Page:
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Social Competence and Posthospital Outcome

Bernard Rosen, MA; Donald F. Klein, MD; Sidney Levenstein, DSW; Siroon P. Shanian, PhD
Arch Gen Psychiatry. 1968;19(2):165-170. doi:10.1001/archpsyc.1968.01740080037007.
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HILLSIDE Hospital studies of prognosis have emphasized the utility of psychiatric diagnosis1 and age of onset of illness.2 Zigler and Phillips3 utilizing a different approach suggest the central role of personal and social maturity. In their view, as an individual ages, he passes through successive levels of maturity. At each level society presents a complex of tasks with which the individual is expected to cope. The higher the maturational level attained, the greater the resources the individual should have enabling him to cope successfully with society's expectations.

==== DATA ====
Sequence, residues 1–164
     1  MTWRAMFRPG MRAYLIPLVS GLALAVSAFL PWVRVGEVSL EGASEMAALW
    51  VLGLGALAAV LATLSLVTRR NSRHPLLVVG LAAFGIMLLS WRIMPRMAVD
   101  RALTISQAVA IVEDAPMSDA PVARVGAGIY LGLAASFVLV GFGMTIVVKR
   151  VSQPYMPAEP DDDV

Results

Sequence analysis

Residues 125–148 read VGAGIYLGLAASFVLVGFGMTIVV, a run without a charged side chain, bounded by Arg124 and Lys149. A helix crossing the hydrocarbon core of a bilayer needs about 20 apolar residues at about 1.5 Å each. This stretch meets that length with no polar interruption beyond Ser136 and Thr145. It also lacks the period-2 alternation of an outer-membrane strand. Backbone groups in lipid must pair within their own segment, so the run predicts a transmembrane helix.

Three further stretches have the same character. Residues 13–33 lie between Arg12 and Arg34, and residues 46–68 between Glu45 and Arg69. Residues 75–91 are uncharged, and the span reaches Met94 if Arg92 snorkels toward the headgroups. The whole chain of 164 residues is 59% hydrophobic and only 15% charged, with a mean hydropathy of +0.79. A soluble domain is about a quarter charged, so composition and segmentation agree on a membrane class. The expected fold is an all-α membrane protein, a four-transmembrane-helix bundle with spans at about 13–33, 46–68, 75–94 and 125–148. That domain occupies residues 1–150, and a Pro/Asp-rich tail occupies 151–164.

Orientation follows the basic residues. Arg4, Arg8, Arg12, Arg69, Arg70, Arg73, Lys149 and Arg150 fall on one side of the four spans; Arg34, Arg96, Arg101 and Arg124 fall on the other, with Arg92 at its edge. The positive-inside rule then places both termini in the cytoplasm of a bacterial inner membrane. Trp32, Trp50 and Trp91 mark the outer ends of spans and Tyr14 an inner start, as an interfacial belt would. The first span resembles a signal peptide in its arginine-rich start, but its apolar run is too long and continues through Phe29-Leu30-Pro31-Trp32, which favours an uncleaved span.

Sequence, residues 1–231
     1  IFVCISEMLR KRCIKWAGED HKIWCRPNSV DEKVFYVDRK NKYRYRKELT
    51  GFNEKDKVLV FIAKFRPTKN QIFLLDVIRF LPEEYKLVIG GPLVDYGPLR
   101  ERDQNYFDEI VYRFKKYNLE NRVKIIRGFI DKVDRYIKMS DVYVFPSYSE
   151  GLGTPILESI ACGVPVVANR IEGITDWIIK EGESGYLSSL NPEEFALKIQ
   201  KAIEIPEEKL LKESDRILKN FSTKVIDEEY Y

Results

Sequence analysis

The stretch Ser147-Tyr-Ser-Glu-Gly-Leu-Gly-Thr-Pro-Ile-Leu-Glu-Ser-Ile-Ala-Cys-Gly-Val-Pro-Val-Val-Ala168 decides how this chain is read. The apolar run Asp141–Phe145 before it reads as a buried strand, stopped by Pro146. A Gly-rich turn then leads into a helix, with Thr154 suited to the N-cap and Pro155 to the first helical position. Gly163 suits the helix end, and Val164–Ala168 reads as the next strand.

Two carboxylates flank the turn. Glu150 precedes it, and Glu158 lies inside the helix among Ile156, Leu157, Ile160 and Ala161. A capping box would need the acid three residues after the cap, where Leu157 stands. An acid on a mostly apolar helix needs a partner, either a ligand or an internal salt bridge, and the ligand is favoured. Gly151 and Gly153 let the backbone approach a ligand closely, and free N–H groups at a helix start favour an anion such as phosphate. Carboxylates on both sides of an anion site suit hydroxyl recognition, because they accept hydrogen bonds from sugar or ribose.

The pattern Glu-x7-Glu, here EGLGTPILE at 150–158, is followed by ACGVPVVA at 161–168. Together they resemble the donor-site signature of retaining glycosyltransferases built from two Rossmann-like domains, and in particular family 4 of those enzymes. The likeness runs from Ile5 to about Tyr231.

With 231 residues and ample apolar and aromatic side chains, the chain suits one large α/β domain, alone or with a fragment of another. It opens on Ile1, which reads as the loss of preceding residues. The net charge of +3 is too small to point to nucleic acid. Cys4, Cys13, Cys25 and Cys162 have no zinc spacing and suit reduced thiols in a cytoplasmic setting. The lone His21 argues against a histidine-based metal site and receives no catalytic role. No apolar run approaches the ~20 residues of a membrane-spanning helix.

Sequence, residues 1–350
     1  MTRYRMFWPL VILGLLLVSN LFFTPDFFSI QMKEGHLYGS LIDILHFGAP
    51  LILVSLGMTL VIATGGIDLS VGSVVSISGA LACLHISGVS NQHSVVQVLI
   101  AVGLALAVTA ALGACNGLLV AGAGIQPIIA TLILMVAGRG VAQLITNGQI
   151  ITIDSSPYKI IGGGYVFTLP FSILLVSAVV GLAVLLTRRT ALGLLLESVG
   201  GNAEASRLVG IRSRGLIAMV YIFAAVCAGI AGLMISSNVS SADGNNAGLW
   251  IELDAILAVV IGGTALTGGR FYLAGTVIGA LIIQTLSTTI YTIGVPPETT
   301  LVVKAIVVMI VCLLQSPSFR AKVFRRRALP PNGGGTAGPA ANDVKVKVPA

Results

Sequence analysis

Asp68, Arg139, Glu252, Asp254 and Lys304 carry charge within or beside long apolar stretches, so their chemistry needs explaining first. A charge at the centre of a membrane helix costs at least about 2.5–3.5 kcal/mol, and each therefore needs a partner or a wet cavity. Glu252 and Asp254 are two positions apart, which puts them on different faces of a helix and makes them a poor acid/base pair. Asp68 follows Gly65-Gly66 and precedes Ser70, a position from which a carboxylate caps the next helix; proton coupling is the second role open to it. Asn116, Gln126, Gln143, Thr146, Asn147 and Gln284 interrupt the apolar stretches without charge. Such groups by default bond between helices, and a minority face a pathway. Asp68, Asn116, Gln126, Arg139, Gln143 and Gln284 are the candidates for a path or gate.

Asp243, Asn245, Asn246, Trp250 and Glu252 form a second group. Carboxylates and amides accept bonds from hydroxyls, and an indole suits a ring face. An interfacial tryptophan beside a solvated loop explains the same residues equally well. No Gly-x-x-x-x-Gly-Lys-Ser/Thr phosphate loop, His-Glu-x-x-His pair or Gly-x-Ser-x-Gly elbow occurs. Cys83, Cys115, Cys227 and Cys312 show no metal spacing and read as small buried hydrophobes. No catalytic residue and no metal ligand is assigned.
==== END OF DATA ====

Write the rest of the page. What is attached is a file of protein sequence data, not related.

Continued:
Since for every maturational level there exist normal adaptive patterns as well as pathological deviations from these patterns, in the opinion of Zigler and Phillips psychopathology can be viewed as representing various inappropriate methods of coping with specific tasks appropriate to the age or expected level of maturation. The higher the maturity level attained


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